My Running Plan

Sorry if this post is unusually navel-gazing of me, but I’ve got lots of friends who have a lot more experience than I do running and I’m hoping to get their feedback. I started running regularly back in May and I’ve been trying hard to increase at a slow, steady pace so that I don’t injure myself (which is what I did when I started running last year, and I hated it). I’ve done 7 weeks now, and everything was going great until I ran into some moderate pain after my run on Saturday.

I iced my leg on Saturday and then again a couple of times on Sunday and today I opted for my circuit training instead of running, but I decided I wanted to get a more organized plan. I was partly inspired by this article about a Richmond area woman who is running the Tour de France route. No worries, I’m not planning any extreme events because I also read this article about how extreme endurance running can actually cause trauma to your heart. My main goal–other than the sheer love of running–is to be live a long, active life so that my kids have me around for a long time. Apparently, somewhere around 20 miles / week is the optimum there, which is lower than I expected. So here’s my plan.

Running Plan

The red line is my actual weekly mileage total for each of the last 7 weeks. The green dotted line is what happens if I apply the pattern that Zoe Ramano used for her training: increasing by 10% a week but using every 4th week as a recovery week. (I don’t know how much she cut mileage for those weeks, I cut mine down to half of the prior week.) The blue dotted line is what I’m planning on running from now on (starting with a recovery week right now to go easy on my leg), and so it pretty much matches the green dotted line from here on out.

I keep the 10% increases going until I hit 36 miles because running 6 miles 6 times a week sounds like fun to me. I figure at some point I’ll probably modify that, maybe by picking up swimming or something for the winter months, but for now it’s just a goal to shoot for. Along the way, I’m cutting back on the total mileage per run and running more frequently during the week. The 17.11 miles I did last week were in three runs, the 17 miles I’m going to do next week will be split across 4, and I’m planning on increasing slowly to 6 days a week while keeping per-run mileage more or less constant before I start to ratchet up the miles again.

So… what do y’all think about this plan?


3 thoughts on “My Running Plan”

  1. I’ve been told by friends of mine who run more, (or at least who’ve read more about it) that I should follow some kind of plan, but I just run based on how my body feels, and groping my way along with intuition.

    I had a relay race that included an 11-mile leg, so my plan was to be comfortable running that distance. I had shin/calf problems when I tried to ramp up too quickly in the past but when I added a couple miles per week (spread over 3 or 4 runs) I did fine, until I was at 6-7 miles on the weekday runs, which seems about reasonable for me. I slowly increased my Saturday run until I was around 12 miles. Goal met. Once I got there, I decided to drop the mileage on weekday runs, opting to do speed work to increase my pace. I kept the long Saturday run at the slower pace.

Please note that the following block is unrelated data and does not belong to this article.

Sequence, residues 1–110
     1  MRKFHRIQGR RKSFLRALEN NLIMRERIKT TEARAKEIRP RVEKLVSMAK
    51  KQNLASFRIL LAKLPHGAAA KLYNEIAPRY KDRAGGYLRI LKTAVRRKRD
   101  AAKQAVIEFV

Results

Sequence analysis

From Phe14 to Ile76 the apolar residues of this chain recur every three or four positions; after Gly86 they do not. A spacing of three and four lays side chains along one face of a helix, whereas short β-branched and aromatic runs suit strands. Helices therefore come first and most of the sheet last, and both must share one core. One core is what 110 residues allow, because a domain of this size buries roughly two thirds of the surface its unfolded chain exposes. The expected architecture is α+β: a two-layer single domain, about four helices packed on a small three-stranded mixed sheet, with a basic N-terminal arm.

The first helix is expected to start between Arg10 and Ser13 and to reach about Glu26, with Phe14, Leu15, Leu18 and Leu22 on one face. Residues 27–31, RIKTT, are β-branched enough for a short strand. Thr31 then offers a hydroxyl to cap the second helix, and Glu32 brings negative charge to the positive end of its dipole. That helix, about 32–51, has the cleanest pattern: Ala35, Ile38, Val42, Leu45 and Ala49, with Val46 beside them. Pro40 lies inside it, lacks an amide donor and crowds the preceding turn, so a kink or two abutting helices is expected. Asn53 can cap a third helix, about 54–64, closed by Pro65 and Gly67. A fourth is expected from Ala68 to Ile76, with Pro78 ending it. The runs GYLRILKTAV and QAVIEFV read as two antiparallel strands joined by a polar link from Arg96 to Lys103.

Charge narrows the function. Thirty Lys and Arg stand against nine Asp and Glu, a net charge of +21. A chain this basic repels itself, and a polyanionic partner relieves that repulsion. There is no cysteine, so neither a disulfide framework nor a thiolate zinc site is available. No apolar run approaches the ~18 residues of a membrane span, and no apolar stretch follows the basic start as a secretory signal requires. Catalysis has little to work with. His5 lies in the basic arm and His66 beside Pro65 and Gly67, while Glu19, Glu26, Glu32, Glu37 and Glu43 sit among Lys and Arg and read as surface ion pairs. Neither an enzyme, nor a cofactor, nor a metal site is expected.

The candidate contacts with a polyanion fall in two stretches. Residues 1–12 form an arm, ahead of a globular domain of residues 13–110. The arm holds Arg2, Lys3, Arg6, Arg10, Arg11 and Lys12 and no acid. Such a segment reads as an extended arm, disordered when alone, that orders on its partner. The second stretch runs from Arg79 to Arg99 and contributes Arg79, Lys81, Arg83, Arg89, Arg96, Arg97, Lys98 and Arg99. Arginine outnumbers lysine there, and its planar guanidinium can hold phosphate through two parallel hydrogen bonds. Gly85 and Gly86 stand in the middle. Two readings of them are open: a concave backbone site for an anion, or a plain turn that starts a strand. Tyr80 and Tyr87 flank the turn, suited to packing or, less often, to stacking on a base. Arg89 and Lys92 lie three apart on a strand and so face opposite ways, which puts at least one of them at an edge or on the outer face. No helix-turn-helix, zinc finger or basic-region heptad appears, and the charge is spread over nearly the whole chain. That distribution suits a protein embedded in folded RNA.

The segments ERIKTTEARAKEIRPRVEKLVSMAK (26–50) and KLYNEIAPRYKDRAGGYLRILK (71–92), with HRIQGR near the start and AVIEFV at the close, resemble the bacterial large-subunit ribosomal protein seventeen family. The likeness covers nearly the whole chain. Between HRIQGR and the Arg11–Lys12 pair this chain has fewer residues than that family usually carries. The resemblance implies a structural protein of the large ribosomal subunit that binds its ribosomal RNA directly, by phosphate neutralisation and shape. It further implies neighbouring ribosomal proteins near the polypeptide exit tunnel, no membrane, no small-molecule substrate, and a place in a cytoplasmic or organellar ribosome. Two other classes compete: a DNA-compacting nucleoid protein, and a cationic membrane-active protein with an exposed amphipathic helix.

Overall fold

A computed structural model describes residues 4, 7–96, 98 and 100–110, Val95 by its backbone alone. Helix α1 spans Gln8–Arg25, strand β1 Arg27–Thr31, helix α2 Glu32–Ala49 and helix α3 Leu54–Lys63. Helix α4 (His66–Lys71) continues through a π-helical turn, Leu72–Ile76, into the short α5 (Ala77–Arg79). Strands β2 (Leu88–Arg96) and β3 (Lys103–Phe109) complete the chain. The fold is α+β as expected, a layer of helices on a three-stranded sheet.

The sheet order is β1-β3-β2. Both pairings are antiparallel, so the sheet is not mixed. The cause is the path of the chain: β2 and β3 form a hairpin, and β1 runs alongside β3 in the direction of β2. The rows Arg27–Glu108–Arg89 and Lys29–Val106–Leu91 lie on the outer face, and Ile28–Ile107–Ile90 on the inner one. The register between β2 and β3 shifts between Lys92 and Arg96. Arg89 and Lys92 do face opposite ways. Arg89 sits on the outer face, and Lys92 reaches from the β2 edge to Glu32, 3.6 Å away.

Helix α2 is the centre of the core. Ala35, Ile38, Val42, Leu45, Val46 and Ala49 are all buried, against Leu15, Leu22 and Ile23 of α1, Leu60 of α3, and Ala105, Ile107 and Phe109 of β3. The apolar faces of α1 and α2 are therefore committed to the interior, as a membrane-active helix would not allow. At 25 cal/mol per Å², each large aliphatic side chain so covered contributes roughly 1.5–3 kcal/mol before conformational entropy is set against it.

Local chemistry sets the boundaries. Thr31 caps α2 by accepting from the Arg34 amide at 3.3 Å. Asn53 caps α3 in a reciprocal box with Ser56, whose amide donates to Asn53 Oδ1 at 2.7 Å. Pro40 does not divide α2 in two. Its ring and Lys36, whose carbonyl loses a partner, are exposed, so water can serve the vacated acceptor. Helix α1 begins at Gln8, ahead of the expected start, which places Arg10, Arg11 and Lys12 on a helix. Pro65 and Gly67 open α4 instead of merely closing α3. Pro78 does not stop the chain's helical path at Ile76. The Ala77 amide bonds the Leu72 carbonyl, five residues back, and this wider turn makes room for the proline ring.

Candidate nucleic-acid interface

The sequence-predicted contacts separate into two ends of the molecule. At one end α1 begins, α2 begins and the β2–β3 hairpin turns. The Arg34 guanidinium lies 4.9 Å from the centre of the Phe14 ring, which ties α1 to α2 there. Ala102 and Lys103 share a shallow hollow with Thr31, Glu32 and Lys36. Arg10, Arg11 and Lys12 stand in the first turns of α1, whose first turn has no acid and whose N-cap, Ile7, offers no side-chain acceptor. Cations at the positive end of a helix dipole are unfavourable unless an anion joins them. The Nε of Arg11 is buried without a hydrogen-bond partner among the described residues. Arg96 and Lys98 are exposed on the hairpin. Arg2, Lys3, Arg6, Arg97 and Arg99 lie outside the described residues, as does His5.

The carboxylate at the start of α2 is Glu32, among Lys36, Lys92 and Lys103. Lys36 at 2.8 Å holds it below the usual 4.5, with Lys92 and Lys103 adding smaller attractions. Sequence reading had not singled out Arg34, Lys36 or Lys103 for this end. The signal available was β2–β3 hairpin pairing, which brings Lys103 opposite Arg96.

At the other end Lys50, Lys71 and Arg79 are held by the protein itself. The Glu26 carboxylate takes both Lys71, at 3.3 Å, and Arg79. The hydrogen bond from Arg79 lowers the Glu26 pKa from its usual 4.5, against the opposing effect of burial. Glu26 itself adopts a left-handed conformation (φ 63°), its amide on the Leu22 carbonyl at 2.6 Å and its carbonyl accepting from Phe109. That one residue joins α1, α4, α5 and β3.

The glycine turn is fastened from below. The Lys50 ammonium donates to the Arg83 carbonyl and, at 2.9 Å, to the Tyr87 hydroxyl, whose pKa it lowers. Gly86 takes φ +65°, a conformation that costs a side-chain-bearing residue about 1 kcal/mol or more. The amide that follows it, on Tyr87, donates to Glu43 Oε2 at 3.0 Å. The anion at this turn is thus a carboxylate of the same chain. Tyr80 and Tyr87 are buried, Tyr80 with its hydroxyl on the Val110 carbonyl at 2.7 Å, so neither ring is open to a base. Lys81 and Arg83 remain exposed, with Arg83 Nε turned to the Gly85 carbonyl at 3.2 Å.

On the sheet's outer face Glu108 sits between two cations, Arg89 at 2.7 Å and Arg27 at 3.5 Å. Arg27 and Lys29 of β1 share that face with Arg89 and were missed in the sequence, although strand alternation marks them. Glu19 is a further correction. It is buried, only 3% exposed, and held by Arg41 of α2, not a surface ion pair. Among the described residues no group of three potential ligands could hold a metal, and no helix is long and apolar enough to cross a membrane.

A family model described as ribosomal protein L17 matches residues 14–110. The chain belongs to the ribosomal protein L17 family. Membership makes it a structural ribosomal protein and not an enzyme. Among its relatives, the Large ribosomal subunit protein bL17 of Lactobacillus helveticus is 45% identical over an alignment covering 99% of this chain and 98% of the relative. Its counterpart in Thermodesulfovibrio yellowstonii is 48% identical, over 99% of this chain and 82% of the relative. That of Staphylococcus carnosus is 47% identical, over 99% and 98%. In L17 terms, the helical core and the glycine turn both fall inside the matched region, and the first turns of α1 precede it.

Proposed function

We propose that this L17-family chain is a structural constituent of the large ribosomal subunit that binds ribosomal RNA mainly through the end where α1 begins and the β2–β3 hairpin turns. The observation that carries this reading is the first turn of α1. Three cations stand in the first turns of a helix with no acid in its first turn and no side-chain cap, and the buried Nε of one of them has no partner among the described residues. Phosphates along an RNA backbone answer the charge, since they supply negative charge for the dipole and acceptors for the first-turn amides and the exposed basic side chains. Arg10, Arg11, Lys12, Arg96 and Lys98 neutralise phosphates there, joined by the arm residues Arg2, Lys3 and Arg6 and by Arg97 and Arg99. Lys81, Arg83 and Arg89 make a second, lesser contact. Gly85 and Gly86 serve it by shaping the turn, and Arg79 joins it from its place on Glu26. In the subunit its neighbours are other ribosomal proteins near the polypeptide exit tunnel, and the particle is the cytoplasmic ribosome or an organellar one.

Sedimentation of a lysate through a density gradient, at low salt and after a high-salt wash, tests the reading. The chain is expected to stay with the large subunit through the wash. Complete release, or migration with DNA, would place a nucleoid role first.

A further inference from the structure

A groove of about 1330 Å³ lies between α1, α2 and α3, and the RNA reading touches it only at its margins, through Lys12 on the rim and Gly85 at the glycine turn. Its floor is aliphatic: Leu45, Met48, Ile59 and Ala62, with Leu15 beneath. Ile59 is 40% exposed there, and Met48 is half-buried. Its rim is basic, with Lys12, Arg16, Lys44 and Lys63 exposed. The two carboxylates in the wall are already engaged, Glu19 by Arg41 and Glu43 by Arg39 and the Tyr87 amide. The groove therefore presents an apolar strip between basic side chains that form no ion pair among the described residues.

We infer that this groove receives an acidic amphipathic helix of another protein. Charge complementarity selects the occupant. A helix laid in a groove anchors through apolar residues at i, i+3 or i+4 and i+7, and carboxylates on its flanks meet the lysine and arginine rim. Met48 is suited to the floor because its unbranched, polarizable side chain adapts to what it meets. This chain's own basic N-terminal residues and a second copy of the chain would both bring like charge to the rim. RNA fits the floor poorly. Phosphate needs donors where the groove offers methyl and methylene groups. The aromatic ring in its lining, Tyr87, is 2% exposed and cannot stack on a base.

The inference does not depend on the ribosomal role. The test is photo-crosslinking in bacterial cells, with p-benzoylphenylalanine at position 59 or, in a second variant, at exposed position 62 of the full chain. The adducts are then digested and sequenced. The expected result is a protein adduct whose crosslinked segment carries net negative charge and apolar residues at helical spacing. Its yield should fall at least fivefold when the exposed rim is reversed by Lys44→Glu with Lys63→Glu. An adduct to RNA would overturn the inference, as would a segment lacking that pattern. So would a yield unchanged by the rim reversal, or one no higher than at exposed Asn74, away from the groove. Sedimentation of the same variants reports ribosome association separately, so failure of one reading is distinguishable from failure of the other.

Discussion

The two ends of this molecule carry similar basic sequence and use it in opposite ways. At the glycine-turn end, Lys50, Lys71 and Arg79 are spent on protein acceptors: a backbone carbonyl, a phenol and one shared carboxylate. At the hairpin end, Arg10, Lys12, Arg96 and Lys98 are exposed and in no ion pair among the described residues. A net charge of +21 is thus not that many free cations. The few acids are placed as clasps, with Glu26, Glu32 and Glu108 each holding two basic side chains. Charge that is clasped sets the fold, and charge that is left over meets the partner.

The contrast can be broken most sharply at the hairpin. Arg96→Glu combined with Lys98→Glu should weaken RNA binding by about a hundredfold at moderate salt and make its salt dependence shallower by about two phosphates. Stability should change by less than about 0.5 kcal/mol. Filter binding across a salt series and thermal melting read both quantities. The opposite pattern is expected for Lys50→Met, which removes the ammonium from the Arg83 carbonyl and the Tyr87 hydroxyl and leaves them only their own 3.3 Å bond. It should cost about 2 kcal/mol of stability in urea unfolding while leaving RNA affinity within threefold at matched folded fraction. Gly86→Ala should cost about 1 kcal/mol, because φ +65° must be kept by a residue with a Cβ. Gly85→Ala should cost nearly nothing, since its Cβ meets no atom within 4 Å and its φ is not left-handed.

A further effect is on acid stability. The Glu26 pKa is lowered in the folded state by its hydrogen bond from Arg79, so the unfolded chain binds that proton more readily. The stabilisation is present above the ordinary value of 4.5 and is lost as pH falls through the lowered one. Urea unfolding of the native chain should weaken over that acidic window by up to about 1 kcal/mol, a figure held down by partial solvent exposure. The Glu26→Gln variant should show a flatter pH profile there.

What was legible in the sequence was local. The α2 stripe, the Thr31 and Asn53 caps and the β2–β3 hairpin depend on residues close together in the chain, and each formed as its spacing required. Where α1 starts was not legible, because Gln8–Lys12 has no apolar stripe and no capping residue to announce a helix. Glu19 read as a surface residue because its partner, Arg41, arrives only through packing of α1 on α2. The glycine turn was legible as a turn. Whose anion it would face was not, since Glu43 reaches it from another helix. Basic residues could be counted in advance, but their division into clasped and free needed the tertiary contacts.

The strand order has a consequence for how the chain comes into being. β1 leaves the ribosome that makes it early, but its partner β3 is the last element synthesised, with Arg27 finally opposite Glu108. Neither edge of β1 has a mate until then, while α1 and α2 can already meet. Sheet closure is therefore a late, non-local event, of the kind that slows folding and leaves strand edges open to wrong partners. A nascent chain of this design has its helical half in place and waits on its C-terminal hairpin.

And that’s where I’m at right now. I’m slowly getting faster (got a personal record 5K pace on another leg of that relay), and I try to keep it at 3-4 runs a week, with a weights workout on my days off, and a rest day on Sunday. I’m currently not running at all, because I hurt my feet cliff jumping last week and plan on getting well before pushing it some more.

    I don’t know if any of that’s particularly helpful to you, but it looks like you’ve got a similar plan going, but with the end result of longer runs / more total miles which I’m not interested in myself. If your body’s like mine, I guess you’ll end up with similar results, ie: you’ll hit your goal. Personally, I’d take more than one day a week off. I’ve got an ultra-marathon neighbor who takes Thursday and Sunday off. The guy literally runs 100-mile footraces.

    YMMV obviously, and in this case, literally.

  2. Thanks, Tyler. I didn’t really start out with a plan either because I plan and set goals all the time and never meet them. It’s depressing. But, in my case, it’s important to limit myself or I’ll get over-excited and run too much and get hurt. When I’m out there running, I just always want to go farther. Always.

    So, I figure the plan may be important to try and restrain my ambition.

    And you’ve mentioned one of my big concerns: at some point I want to start doing more serious strength training or something, and when that happens it probably won’t fit in with running every day. Or maybe running every day (6 days a week, anyway) is just intrinsically a bad idea. I dunno.

    I figure I’ll stick with the plan over the next 3-4 weeks and during that time I might revise it, based on feedback like yours. For example: I really like the idea of keeping weekday runs consistent and emphasizing a really long Saturday run. I’ve only run 10 miles once, but I really enjoyed it.

  3. I’ve been running 15-30 miles a week for the last 4-5 years and doing races up to half-marathons. I suggest incorporating an active warmup (, )

    and spending $20 on a foam roller, to be used before and after workouts and before bed.

    Also, I’ve transitioned completely to minimalist footwear (Vibram Bikila LS, Merrel Trail Glove), and found that I have far fewer injuries and issues. However, it took a year or so to transition away from regular running shoes.

    I also track pretty obsessively (GPS/Heart rate watch, so I can identify patterns of over-running.

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